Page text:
In 1807 Whitbread induced the House of Commons to pass a Bill modelled on the Scotch system, providing for the foundation of a school in every parish, the cost of which might be defrayed out of the rates. But the scheme was rejected by the House of Lords. In spite of the efforts of Brougham and other reformers no positive step was taken until 1833, when the House of Commons voted the first Education Grant of £20,000. This grant was administered and applied by the Treasury in accordance with the suggestions of two voluntary organisations which, between them, did most of the educational work then carried on in England among the children of the poor. The larger of these two societies was entitled, "The National Society for Promoting the Education of the Poor in the Principles of the Established Church." Its schools are still commonly called, for short, "National Schools," and the great majority of the voluntary or non-provided schools now existing in England and Wales are of this type.

Founded in 1811 to take up the educational part of the work of the Society for promoting Christian knowledge (which was itself founded in 1698), its schools were carried on in accordance with the ideas of Dr. Bell. The pupils were all obliged to receive instruction in the Liturgy and Catechism of the Established Church of England, and were required to attend its prayers and services.2

The smaller but earlier Association, founded in 1808, was called "The British and Foreign School Society," and went on the lines popularised by Joseph Lancaster. Bible lessons were given, but there was no denominational teaching. Children of all creeds were received; but the "Lancaster" schools were. supported mainly by the Nonconformists, who generally desire religious teaching, provided that no creeds or catechisms are used. Since the State began to interest itself in education, the religious conflict in regard to elementary schools has been between the champions of the Bible and the champions of the Creeds-between denominational and undenominational religion.

In 1839 a special Committee of the Privy Council, presided over by the Lord President, was established by Order in

1 Cf. Graham Balfour's Educational Systems of Great Britain and Ireland, p. 2. He observes that the grant being a vote in supply did not require the consent of the Lords.

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Council (in order to avoid the opposition of the Peers) for the administration of the annual grant. The Committee appointed a permanent staff, including two inspectors, and from this time forward the work of educating the children of the poor began to acquire the character of a public service. The Government grants increased gradually until they reached a total of £842,000 in 1861. In that year Robert Lowe, then Vice-President of the Committee, formulated the system of payment by resultsthat is to say, he made the amount of the grant depend upon the efficiency of each school, and the test of efficiency was an examination by one of Her Majesty's inspectors. Lowe described the aim of the new system in an epigram: "If the system will not be cheap, it will be efficient; and if it will not be efficient, it will be cheap." Bad schools lost their subsidies, and in four years the annual grants fell to £636,000.1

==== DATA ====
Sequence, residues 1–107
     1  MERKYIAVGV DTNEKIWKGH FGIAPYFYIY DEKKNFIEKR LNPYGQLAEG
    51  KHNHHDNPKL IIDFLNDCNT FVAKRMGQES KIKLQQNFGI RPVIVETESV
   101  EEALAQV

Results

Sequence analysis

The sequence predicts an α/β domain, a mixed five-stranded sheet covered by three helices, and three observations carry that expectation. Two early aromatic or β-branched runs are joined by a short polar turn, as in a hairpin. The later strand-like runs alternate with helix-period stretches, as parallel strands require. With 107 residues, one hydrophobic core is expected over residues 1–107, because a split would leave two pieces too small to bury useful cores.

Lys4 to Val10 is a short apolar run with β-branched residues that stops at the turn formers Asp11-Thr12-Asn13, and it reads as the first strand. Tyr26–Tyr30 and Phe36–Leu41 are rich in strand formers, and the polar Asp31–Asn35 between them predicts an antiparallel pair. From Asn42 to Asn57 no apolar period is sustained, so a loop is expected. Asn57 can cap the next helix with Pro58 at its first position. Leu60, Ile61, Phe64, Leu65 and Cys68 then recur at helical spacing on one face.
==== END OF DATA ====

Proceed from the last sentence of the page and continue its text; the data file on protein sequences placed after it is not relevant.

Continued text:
All this time the voluntary principle had been preserved intact. "Attendance grants" had been given in order to encourage local managers to do their best to attract more children to school; but as yet Parliament had made no attempt to introduce a compulsory system. In 1853, indeed, Lord John Russell had brought in a Borough Bill to enable towns of more than 5000 inhabitants to give aid from the rates to local elementary schools; but the Bill, which might well have led to the municipalisation of education, was unfortunately abandoned. Until 1870 all elementary schools. remained upon a purely voluntary basis. No child need receive any instruction unless it happened to be a pauper, a criminal, or the child of a soldier, or at work in a factory. All that the State would do was to assist and encourage voluntary effort and local initiative in the building of new schools and the maintenance of old ones. Generally speaking, schools were religious trusts. The managing body was seldom representative, and most of the schools were controlled by the clergy. Teachers were required to submit to a religious test, and children who attended a school were not, as a rule, allowed to absent themselves from the religious instruction until after 1853, when a conscience clause was generally insisted on as a condition of the grants-in-aid.

When Mr. Gladstone's first Ministry determined to pro

1 Graham Balfour, op. cit. pp. 17-19.